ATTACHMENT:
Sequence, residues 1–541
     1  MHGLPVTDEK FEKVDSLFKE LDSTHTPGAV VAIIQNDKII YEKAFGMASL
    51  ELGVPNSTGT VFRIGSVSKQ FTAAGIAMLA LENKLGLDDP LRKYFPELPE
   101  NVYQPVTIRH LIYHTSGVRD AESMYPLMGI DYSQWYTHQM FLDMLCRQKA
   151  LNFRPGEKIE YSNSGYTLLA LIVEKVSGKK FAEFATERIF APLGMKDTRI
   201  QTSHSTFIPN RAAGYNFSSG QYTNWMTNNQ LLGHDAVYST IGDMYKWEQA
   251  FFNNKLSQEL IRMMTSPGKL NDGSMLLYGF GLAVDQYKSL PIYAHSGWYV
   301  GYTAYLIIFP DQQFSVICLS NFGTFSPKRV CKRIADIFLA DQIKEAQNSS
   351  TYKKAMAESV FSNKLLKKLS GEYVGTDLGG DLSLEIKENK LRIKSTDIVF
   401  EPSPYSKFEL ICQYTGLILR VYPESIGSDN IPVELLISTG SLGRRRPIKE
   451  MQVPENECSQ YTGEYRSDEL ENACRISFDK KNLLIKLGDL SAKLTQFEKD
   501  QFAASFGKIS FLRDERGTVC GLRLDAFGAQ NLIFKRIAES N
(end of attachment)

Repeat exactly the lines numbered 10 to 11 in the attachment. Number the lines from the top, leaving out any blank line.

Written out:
   401  EPSPYSKFEL ICQYTGLILR VYPESIGSDN IPVELLISTG SLGRRRPIKE
   451  MQVPENECSQ YTGEYRSDEL ENACRISFDK KNLLIKLGDL SAKLTQFEKD